• James Stefiuk
  • Honey sriracha shrimp tacos may be ordered with collard greens, cole slaw, fries, or gouda and bacon mashed potatoes at The Rusty Rudder

In addition to its multi-themed menu, The Rusty Rudder offers three distinct dining vibes: a metal-clad bar dominated by two large TVs overhead, adjacent family-style dining areas, and a large outdoor bar/patio equipped with a bad-ass fireplace. If you show up during Monday Night Football or similar sportscasts — or dine outside the nights there is live music — expect things to get loud. The young staff is friendly and enthusiastic and food is brought to the table as soon as it's prepared, so eat quickly if you've ordered starters.

This advice goes double for the she-crab soup (cup for $4.95, bowl for $6.95). Unnaturally rich and creamy, the soup was dense with real crab. At first akin to the bisque version of something you'd dip chips in, as it cooled the soup took on the consistency of cheese. Every second counts as you race against time, temperature, thermodynamics, the expanding universe, and whatever remaining elements comprise the speed at which the whole thing becomes uncomfortably stiff. You've been warned.

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While we're recounting disappointments, let's give the oyster seafood platter ($17.99) its due. Nine tiny fried oysters were accompanied by some celery seed-laden cole slaw that had seen better days. The hand-cut fries were the runaway highlight and provided in generous portion. Still, considering the price tag, we expected more.

The crab cake and fried green tomato salad ($16.95) is an interesting invention. A salad in name alone (may we suggest "stack"?), this is a notably decadent option. Two crisp, fried green tomato slices embrace a large, lush crab cake in a juxtaposition that works quite nicely. While the cake is made with bell peppers, celery, and green onion, crab meat comprises the majority of the pan-fried cake. As an appetizer, this would shine, but as an entree it arrives cowering in the dark shadow of an accompanying mountain of tasteless rice and saddled with the added burden of some wilted green tomato slaw and the vegetable of the day — salty sautéed spinach and onions. It's a good idea in the wrong part of the menu. A local blue crab cake with two fried green tomatoes as an appetizer, however, sounds like a home run.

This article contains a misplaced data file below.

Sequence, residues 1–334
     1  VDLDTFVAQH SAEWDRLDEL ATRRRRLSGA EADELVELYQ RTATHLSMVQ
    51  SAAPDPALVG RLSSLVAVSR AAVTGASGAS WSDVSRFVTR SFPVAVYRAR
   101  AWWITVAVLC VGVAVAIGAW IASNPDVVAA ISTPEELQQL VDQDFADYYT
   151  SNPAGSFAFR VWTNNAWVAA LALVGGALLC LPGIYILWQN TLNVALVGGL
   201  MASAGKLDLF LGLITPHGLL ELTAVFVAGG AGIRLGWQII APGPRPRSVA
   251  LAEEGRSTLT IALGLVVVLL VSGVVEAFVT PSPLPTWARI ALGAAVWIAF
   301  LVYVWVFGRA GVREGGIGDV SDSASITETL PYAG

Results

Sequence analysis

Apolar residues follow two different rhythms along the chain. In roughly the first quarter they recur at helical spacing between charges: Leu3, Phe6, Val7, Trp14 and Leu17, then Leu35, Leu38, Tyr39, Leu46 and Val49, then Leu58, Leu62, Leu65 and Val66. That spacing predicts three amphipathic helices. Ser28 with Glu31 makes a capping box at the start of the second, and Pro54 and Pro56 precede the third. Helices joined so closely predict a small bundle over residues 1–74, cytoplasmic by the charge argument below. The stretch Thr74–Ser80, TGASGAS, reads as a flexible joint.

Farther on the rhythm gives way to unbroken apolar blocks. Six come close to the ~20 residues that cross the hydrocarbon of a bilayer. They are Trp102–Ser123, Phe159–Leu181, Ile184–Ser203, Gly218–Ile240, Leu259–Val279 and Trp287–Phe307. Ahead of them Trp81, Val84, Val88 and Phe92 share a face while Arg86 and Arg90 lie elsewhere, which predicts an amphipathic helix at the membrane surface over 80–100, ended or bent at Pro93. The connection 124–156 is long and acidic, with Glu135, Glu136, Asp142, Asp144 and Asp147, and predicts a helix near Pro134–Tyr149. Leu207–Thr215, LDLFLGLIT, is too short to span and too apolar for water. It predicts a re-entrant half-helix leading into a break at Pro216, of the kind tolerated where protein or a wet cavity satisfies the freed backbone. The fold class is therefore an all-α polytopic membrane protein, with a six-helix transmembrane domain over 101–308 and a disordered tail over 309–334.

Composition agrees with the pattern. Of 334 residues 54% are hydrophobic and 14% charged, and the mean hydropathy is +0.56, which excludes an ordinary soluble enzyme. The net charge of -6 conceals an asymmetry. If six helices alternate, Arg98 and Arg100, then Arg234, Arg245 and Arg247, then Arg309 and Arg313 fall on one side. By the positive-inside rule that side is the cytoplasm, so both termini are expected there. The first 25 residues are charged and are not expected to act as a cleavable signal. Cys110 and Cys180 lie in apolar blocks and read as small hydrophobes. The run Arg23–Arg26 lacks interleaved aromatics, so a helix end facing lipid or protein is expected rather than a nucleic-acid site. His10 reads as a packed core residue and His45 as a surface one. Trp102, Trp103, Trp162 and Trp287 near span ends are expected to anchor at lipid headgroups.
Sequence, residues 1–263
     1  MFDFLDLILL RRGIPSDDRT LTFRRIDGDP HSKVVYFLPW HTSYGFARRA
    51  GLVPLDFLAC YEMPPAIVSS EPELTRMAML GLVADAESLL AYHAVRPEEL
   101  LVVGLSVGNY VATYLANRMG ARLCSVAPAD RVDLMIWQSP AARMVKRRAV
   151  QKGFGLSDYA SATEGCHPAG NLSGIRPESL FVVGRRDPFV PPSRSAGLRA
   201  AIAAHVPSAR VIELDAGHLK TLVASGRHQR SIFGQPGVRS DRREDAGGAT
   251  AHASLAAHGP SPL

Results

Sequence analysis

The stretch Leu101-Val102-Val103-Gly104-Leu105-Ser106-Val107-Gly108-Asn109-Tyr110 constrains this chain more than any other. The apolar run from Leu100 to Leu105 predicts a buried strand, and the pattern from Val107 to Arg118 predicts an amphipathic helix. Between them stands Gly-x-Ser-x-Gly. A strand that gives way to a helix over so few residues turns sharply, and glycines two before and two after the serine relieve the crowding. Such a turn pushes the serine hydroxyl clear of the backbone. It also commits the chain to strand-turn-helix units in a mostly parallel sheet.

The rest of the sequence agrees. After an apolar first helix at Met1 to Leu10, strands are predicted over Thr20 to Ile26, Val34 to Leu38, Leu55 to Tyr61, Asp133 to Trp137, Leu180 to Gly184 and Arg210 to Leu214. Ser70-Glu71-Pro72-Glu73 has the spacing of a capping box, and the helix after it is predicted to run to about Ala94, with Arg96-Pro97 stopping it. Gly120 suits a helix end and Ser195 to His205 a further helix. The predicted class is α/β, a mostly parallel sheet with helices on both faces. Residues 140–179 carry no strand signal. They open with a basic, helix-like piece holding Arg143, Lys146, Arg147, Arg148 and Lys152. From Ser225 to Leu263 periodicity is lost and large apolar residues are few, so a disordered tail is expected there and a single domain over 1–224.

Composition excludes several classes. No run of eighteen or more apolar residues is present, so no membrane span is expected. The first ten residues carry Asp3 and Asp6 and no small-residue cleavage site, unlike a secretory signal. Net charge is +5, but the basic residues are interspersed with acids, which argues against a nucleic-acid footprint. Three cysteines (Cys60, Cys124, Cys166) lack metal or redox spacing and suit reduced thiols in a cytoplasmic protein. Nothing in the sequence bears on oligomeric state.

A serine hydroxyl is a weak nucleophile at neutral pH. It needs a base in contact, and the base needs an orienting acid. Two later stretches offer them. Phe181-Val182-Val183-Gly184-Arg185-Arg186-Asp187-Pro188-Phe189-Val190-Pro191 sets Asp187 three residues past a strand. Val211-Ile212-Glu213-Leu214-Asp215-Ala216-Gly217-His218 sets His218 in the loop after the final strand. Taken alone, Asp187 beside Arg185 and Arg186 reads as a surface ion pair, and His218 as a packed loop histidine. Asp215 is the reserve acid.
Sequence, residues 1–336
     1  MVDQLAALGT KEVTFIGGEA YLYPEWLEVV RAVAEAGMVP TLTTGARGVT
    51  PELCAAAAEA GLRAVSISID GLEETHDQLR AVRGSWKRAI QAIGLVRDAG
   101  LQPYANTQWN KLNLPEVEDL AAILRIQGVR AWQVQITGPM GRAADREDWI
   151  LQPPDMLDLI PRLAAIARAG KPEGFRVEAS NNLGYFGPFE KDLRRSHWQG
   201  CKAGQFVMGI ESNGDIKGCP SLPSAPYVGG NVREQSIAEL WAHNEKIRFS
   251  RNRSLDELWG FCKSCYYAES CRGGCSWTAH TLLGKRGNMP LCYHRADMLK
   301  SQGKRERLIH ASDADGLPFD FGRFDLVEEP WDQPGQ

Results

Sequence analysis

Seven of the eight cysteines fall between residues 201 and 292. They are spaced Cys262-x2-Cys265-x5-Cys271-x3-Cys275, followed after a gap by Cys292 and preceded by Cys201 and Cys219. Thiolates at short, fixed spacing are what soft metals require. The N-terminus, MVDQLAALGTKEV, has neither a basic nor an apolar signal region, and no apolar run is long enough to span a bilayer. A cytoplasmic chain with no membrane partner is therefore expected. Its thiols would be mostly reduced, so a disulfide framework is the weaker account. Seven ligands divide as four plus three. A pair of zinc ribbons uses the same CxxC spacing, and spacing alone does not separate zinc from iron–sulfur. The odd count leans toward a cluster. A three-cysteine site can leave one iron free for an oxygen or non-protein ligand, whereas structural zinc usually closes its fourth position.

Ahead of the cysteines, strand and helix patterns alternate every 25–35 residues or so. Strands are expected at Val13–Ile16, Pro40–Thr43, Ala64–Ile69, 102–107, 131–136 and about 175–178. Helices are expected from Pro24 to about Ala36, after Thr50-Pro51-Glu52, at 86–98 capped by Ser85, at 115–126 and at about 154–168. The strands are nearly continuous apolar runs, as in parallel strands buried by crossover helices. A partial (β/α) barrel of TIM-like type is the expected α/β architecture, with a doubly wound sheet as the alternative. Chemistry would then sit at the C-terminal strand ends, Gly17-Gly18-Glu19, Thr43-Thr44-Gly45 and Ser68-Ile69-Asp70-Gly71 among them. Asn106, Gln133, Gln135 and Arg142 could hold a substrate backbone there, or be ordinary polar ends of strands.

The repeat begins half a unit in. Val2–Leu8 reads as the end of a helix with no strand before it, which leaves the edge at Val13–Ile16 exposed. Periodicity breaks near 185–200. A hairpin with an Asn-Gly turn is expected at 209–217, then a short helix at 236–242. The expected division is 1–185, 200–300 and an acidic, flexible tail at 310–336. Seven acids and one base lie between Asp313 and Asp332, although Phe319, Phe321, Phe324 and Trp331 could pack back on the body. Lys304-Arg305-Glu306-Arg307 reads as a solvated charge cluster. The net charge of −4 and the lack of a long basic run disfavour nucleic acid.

Back on the barbecue side of the spectrum, the Rudder Signature Ribs (half rack for $15.95, full rack for $28.95) are worthy of the name. The meat was tender, but still had some chew, and the visible smoke ring confirms the authenticity of the deep flavor. Topped with a thin layer of sweet house-made barbecue sauce, this is where it's at. The accompanying collard greens are also expertly done. Earthy and tender, they're the perfect accompaniment to the meaty ribs, leading one to wonder if maybe The Rusty Rudder should abandon all other means of cooking in favor of the smoker.

While the name implies casual, the menu is a bit of an identity crisis, and the prices too much for what's delivered, your best bet — for now — seems to be to treat The Rusty Rudder as a somewhat pricey sports bar with a solid grip on barbecue.